Again Linkedin is my friend. I was asked a couple of questions and asked to write another blog! Woohoo! Yes, yet another blog. What a great idea? You are probably thinking – isn’t she done yet. Well I will be when I run out of ideas!
What I did when I was a mentor?
Not anything different than before I was a mentor. That’s a bad answer. A better answer, I wrote blogs, met upper management, answered questions. And tried to comment on blogs. So pretty much what I started doing again.
My idea would be find something you are excited about from the SAP world. Once you’ve found that, then use it to help you be positive about your area. That will make other’s excited because you are. If you see others in the hall at SAP events try to make them fee welcome.
So when I was a mentor, not many people new about mentors. So my idea was to get out there with the community. At teched – I introduced myself. I asked if anyone at the table knew about the mentor program. Sadly only a few people did. So I gave them my short answer “mentor’s help”. I also told them mentor’s can answer about any questions you have. If they don’t know the answer odds are pretty good that a different mentor would. And I told them how easy it was to spot one in the blue shirt.
I co-organized an SIT. What fun! Free training. There may be a small fee for lunch, but it was free training for an entire day. I was lucky to have BI experts with me. So there was always something going on for different jobs.
I worked with other mentors to start a e-mail for mentor “magazine” highlighting what mentors did. As far as I know that never was well liked.
What does being a mentor do for me?
I was in a better place of influence. Mentors should be able to feel the communities issues. One of the things that I had to do as well. So as I met with the SAP higher ups – I should have been influencing or at least giving ideas about the current changes/enhancements that would be great to have. I didn’t do good at that. But just the access to the execs was an experience that was amazing.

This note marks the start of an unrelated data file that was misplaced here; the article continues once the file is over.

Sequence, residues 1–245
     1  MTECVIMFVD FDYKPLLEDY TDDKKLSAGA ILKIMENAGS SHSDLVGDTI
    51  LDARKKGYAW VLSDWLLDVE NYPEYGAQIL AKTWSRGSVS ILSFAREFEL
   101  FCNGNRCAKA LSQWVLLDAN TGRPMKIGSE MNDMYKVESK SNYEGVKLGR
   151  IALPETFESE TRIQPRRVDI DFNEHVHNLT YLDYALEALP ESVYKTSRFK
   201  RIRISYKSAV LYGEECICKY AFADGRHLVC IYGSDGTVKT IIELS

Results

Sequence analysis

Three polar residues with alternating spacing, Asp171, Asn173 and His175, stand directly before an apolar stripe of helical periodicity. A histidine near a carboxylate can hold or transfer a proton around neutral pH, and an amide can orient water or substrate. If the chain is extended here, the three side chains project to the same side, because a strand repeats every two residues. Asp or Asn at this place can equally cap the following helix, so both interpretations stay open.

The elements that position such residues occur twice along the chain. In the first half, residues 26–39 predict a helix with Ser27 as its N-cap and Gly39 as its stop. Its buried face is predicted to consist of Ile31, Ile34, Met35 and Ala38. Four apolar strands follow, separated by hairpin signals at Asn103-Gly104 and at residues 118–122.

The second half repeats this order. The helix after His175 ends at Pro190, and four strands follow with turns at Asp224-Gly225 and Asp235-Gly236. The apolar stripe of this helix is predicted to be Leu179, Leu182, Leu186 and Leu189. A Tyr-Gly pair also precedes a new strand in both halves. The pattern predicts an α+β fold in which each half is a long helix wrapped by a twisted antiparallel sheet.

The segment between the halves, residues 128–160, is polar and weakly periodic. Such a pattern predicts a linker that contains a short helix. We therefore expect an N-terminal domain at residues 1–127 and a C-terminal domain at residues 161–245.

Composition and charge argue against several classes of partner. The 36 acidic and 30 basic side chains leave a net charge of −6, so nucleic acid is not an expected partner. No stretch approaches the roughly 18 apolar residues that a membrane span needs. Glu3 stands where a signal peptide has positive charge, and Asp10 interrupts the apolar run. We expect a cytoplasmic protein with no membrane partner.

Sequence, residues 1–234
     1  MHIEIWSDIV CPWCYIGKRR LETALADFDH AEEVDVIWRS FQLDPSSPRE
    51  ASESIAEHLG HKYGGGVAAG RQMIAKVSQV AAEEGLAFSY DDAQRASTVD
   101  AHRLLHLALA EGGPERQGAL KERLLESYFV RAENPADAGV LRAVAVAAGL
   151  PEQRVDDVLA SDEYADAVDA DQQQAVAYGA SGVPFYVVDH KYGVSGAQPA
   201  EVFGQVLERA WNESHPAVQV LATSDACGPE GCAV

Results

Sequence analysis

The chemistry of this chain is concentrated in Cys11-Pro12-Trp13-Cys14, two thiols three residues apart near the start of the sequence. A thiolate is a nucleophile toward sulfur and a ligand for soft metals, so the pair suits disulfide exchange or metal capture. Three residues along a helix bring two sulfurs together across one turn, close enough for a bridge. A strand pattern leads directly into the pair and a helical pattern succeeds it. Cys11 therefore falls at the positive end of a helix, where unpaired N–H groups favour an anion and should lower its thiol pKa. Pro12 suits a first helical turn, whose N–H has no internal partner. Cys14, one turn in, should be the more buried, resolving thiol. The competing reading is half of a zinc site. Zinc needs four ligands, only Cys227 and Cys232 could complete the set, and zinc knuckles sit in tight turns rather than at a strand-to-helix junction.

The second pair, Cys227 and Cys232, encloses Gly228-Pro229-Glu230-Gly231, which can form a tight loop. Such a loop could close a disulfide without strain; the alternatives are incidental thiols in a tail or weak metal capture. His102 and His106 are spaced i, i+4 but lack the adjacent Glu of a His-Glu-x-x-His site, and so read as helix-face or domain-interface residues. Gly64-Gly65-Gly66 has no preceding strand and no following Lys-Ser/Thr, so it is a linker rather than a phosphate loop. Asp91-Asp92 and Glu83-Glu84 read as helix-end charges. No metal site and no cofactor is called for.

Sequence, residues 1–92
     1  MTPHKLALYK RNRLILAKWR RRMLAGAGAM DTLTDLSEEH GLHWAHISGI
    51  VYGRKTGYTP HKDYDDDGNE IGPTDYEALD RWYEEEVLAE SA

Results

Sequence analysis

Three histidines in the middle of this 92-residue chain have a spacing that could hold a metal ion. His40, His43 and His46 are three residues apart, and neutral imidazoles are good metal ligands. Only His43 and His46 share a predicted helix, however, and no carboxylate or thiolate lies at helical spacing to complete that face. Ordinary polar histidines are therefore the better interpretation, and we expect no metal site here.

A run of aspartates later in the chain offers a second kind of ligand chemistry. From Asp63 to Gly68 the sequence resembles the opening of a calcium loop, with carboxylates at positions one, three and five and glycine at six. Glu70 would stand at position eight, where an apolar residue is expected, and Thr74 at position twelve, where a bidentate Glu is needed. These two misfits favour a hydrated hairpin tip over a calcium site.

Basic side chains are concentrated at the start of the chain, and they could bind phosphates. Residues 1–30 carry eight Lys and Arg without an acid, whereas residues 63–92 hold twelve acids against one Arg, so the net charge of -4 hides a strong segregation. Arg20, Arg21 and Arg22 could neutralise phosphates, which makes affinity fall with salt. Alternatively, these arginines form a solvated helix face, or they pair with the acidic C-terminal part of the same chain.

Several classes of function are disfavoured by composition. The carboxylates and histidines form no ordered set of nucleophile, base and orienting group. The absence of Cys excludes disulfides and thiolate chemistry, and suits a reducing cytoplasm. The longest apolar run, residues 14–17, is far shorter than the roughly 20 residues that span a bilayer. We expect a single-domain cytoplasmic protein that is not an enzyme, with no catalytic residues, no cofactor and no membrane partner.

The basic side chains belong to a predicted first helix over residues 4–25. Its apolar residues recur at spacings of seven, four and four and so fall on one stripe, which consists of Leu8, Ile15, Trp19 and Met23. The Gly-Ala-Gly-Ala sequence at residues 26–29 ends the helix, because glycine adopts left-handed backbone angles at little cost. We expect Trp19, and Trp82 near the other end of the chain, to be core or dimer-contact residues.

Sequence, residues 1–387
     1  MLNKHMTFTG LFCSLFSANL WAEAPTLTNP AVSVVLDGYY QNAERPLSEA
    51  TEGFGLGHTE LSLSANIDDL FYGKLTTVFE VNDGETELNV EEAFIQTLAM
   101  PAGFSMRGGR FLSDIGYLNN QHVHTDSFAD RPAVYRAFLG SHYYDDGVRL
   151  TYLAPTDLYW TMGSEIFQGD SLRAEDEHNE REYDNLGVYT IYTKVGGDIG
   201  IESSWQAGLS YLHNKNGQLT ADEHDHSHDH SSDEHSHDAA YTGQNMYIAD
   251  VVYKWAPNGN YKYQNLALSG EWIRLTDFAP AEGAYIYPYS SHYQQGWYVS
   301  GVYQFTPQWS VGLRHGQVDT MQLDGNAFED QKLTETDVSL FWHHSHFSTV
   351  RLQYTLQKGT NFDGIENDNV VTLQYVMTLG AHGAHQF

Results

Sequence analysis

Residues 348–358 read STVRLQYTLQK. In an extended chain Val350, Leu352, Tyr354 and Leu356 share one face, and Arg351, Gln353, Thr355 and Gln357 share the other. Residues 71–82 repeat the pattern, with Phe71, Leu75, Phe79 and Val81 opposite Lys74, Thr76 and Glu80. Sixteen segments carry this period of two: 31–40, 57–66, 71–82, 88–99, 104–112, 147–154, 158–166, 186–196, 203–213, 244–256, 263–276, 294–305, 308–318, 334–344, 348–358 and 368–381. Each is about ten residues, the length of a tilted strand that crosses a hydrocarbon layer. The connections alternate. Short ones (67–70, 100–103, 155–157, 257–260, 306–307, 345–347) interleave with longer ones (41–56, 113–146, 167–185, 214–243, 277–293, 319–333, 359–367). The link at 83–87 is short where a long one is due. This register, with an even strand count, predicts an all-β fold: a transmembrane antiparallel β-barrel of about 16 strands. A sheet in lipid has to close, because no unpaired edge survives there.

I did get a free ticket to SAP Teched. There were meetings going on with mentors and execs. My company paid for my travel and meals. So I had to balance the needs of my company with the mentor meetings. So I went to sessions and learned something that I could pass on.
Being an active mentor helped me find my next job. (My current job) It showed that I was willing to share my knowledge. I was also found in searches. And OK yes, presenting at Teched helped too. And the interview, and the resume. It all came together in a package that they nicely decided to hire.
What does being a mentor do for my company?
It made them aware I had help at my finger tips. I also let them know I could help influence the direction of SAP. And there was always the the SAP Teched ticket. They liked that.
Mentors have many meetings. Those meetings discuss many different things. And trust me you will learn at least one thing from being a mentor. You learn then you share. Your company is again happy.
What are Mentor’s supposed to do?
I’m not sure. I don’t think anyone really is. It means something different to each of us.
Keep the community relevant.
Do I miss being a mentor?
One word – yes.
Mentors are in different areas of expertise. AND surprise they talk to each other. So they may not know how to help you, but they can point you in the right direction. Try to take some time – if you see the blue shirt to talk with them to share ideas. If it is a negative about just about anything SAPish that mentor can either take it upon his or her self to share the information in various different ways. Or it could be given to a different mentor. Remember, this is open to the community. It’s worth going to. If you don’t like something. Type, message, or rant about it.
Another side note:
There is an all night long virtual training on various subjects live. It is October 17 at 14:00 GMT . This will benefit Las Vegas. Check out the blog to see an awesome line up.